To be modern is to find ourselves in an environment that promises us adventure, power, joy, growth, transformation of ourselves and the world – and at the same time that threatens to destroy everything we have, everything we know, everything we are. Marshall Berman

I the first generation of the post Apartheid South Africa, I’m driven, confused and enthused by modernism. Musa Nxumalo

Afronova is today launching its new gallery space in Braamfontein with a solo exhibition by young but already acclaimed photographer Musa Nxumalo.

Born in Soweto in 1986, Musa Nxumalo first came into the spotlight as the recipient of the fourth Edward Ruiz Award 2008 with his debut exhibition Alternative Kidz in 2009, produced under the auspices of the Market Photo Workshop and funded by AngloGold Ashanti. Portraying urban black youth who choose to identify with alternative culture, both culturally dissonant and individually liberating, his startling black and white photographs instantly captured the attention of local and international collectors and curators and features in important exhibitions in Belgium, Italy and the Netherlands.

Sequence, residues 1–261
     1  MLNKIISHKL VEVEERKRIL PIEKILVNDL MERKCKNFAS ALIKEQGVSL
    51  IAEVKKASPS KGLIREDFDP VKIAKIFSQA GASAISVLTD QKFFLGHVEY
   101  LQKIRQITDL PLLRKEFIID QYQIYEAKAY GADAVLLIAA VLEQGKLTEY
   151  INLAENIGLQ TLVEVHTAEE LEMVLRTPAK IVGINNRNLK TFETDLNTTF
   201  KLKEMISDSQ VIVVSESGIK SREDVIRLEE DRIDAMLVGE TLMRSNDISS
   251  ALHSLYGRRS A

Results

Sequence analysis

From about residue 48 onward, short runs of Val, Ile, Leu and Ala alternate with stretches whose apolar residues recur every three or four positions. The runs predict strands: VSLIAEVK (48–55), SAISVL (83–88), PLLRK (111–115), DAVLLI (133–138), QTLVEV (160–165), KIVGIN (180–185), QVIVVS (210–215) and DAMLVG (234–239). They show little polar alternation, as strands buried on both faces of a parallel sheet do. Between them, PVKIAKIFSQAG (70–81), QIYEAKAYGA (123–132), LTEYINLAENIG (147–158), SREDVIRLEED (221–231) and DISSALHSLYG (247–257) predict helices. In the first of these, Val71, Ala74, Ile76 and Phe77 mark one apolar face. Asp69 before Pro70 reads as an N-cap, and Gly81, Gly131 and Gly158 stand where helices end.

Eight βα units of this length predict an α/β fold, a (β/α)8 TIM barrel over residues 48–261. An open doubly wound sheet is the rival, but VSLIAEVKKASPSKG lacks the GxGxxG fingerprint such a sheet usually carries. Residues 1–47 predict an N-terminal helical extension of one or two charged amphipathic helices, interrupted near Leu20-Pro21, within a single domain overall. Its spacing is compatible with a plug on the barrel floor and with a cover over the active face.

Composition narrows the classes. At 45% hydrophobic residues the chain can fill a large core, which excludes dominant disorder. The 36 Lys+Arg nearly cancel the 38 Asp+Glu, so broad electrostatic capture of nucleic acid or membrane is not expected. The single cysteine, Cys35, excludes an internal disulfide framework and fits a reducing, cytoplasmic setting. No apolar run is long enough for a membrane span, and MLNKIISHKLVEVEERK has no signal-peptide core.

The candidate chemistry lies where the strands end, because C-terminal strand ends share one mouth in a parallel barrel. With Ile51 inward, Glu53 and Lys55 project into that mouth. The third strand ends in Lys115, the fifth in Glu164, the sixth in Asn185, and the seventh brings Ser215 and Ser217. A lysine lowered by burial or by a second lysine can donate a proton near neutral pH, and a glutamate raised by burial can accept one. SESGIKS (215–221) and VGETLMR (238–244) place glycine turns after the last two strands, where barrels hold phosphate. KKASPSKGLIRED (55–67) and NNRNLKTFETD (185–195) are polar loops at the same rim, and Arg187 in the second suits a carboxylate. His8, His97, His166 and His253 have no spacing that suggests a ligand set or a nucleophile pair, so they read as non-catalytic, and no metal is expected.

Musa Nxumalo’s new series of colour photographs was created on various occasions such as trips to and from regular hanging–out spots and visits to families outside Johannesburg. But in most cases…it is planned “gatherings” with friends as usual, a bit like a young contemporary Malick Sidibé in urban South Africa. His photography integrates documentary and fine art photography practices used to explore and reflect on both the society he grew up in and currently live in as well as on his identity and personal perspective as a young black man living in South Africa. Nxumalo’s images research the identity of this generation that is living in this particular juncture in South Africa, by scrutinising and reflecting the flux of self-defined identities within cultural practices generally not associated with ‘township culture’, such as jazz or kwaito, but instead with alternative practices such as rock music.

Exhibition runs until Saturday 16 October